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Broadspeed Engineering Ltd was a British automobile tuning and engineering company that operated from Sparkbrook, Birmingham, England, principally during the 1960s and 1970s. It was started and run by Ralph Broad, and first became well known for its success in campaigning MkI BMC Minis during the early 1960s. The company also offered a variety of different road- and race-tuning packages for BMC and Ford engines.[1][2]

Broadspeed Engineering Ltd
FounderRalph Broad
Area served
ProductsAutomotive parts, Engine tuning, Car dealership


Ralph Broad began racing in 1955, when he was in his late twenties. In 1959, he bought an early BMC Mini and immediately began to see success racing it, which helped him to sell racing conversion packages to other Mini owners. This arrangement developed into the 1962 establishment of Team Broadspeed, for which Broad himself remained one of the drivers. The Broadspeed cars were often seen as being competitive with the factory works Coopers, especially at the hands of John Fitzpatrick, who had become the team's top driver.[3]

In 1965, Broadspeed began to transition its support from BMC to Ford products after Broad was approached by Ford with an offer to begin campaigning the Ford Anglia, and later the Escort. In 1971, John Fitzpatrick would win four British Touring Car Championship races in a Broadspeed Anglia. Eventually, the company was also offering engineering consultancy work that led to such creations as a turbocharged version of the Essex V6 engine, which appeared in the TVR M Series.[3][4] This turbocharged engine was also used in the Broadspeed Bullitt, which was a modified Ford Capri Mk I.[5] Broadspeed became reacquainted with BMC in 1974, by which time the manufacturer had become part of British Leyland. Driver Andy Rouse then won the manufacturer's title in a Triumph Dolomite Sprint.[3]

In 1975, Broad got a contract to prepare Jaguar XJ Series II V12 Coupes for entry in the Group 2 class of the European Touring Car Championship. Despite being well-driven by Andy Rouse and Derek Bell, they were not competitive with the much lighter BMW 3.0L CSL. For financial reasons, British Leyland elected to discontinue support for the Jaguar racing entries in the ETCC, and in 1977 Ralph Broad sold Broadspeed to a former Mini-racing colleague before retiring to Portugal.[3]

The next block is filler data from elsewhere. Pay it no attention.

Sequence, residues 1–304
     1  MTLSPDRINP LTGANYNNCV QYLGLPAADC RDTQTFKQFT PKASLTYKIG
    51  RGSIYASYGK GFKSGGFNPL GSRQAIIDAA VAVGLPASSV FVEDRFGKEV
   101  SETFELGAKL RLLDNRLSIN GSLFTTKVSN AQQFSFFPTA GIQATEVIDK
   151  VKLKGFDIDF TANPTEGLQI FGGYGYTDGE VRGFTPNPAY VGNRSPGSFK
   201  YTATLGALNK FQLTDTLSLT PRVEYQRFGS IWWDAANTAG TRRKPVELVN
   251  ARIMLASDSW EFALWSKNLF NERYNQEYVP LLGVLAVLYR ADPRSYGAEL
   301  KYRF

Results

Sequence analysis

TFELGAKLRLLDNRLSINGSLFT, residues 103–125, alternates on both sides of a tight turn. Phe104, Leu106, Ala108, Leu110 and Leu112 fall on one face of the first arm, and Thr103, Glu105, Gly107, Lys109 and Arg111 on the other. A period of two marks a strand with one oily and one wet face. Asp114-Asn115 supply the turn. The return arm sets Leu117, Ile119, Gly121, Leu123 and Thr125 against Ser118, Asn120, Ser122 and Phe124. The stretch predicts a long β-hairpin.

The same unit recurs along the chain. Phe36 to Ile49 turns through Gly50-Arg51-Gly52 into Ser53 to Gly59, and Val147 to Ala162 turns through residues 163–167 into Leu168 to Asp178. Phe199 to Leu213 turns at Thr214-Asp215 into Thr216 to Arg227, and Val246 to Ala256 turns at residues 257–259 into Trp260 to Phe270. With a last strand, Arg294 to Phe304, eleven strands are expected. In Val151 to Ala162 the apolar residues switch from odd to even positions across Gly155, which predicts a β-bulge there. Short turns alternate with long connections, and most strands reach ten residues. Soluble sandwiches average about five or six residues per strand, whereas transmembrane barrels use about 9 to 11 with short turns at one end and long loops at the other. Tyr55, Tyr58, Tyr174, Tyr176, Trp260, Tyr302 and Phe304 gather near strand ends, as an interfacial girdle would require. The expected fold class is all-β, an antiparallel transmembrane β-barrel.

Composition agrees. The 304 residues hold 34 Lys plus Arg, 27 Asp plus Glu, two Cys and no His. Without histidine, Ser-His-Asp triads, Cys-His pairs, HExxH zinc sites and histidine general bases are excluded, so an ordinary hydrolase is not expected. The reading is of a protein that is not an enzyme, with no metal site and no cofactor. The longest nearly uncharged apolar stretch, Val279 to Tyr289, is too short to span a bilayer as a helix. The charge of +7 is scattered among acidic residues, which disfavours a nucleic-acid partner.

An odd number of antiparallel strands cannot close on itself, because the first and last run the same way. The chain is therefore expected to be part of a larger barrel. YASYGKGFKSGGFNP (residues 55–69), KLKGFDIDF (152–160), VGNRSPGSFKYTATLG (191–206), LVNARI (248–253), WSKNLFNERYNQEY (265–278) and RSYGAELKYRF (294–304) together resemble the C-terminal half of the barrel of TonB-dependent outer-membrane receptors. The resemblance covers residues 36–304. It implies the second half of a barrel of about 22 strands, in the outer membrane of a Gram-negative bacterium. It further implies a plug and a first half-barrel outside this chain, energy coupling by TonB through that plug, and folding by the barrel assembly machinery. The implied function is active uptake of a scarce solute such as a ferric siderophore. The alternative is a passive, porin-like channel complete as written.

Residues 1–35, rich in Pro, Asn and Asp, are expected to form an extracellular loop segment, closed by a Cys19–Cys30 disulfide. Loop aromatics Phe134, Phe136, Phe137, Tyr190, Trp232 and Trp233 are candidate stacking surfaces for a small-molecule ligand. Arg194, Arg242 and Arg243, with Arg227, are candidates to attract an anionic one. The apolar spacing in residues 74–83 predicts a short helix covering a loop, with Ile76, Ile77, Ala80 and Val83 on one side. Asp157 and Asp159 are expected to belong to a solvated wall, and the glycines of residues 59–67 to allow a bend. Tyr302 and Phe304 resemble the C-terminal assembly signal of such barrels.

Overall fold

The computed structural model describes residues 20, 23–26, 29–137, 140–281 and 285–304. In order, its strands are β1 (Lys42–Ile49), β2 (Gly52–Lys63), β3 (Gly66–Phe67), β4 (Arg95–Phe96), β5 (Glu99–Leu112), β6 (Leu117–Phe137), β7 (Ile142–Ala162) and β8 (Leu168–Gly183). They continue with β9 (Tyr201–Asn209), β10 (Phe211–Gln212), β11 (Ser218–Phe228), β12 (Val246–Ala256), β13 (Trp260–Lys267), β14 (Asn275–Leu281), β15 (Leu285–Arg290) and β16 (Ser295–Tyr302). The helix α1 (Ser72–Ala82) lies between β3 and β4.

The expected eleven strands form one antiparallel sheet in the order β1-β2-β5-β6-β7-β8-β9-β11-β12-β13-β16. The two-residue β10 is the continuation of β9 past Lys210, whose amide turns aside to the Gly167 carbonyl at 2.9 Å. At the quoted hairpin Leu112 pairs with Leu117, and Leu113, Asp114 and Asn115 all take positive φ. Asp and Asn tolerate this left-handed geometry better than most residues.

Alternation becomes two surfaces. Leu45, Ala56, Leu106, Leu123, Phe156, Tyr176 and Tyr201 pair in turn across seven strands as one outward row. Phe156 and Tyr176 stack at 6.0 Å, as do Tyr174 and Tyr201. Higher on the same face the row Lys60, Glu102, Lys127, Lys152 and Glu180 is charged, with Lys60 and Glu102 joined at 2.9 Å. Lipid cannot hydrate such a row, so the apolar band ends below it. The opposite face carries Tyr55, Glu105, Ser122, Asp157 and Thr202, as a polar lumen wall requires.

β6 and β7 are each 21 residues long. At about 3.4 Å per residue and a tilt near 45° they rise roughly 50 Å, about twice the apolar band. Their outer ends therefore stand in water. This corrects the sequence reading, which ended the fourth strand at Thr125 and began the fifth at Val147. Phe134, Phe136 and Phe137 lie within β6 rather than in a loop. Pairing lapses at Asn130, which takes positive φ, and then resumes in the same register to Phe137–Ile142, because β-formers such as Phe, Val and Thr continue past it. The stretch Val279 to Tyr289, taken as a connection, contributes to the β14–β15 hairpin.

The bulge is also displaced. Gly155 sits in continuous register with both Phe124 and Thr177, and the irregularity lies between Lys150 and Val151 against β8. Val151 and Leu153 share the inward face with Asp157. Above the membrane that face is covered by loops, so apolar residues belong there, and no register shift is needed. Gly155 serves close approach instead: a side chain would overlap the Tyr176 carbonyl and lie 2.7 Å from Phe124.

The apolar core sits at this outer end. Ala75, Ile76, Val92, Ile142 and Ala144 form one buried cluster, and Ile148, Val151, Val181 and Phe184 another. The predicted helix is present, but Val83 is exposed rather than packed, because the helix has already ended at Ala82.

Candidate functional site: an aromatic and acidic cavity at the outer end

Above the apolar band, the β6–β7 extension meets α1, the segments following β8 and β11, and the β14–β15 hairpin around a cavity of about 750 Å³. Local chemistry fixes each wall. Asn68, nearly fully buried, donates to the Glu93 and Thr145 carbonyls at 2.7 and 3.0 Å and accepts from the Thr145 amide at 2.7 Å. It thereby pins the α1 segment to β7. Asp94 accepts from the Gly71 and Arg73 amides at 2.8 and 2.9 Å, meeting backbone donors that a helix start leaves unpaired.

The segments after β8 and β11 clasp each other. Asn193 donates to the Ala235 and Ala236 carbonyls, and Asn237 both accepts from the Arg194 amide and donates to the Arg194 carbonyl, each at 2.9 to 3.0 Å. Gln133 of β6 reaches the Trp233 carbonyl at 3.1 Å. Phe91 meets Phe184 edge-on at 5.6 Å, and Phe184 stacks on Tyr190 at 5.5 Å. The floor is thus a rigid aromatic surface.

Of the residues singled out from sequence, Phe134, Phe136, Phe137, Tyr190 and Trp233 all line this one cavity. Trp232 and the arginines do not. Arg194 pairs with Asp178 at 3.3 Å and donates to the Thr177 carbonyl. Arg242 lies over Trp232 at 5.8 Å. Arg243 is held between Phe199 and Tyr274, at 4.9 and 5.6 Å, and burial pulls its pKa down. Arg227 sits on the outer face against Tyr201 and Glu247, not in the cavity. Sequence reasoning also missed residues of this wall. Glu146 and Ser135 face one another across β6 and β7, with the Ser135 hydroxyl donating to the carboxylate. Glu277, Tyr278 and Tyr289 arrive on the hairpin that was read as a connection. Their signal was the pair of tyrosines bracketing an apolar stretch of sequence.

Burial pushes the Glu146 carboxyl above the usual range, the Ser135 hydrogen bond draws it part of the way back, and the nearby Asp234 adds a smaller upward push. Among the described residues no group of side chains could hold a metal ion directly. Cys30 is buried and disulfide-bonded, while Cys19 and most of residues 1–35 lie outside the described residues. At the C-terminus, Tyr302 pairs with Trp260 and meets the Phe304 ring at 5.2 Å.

While living in Portugal, Broad worked for Fogo Montanha, a manufacturer of woodburning stoves. He died on 17 September 2010.[3]

Broadspeed GT 2+2Edit

A 1965 Broadspeed GT, showing the elongated body
Rear of a Broadspeed GT

In 1966, the company introduced a car which they sold under their own name, the Broadspeed GT 2+2. It was not an entirely new car, but rather a heavily modified Mini with a distinctive aerodynamic tail section made of fiberglass that replaced the original steel bodywork at the rear. The interior of the car with redesigned as well, with Restall front seats and a fold-down rear seat that provided access to the boot, which was no longer accessible from outside the car as a result of the new rear body shell. Mechanically, performance was enhanced with a reworked cylinder head using larger inlet valves and polished tracts, a Broadspeed camshaft, a rear anti-roll bar, and other changes.[6]

The GT 2+2 was available in four different versions that represented different levels of performance, and a total of twenty-eight cars were built before production ended in 1968.[6]


  1. ^ "What Broadspeed Are Doing". Motor Sport. August 1966.
  2. ^ "Ralph Broad". Motor Sport. November 2010.
  3. ^ a b c d e Buckley, Martin (2010-10-21). "Ralph Broad obituary". The Guardian. London, UK. Retrieved 20 February 2015.
  4. ^ Filby, Peter (July 2012). TVR: A Passion to Succeed. Autocraft Books. ISBN 978-0-9545729-2-1.
  5. ^ "Broadspeed Bullitt". Autocar. February 1971.
  6. ^ a b Booij, Jeroen (2009). Maximum Mini: The essential book of cars based on the original Mini. Veloce Publishing. ISBN 978-1845841546.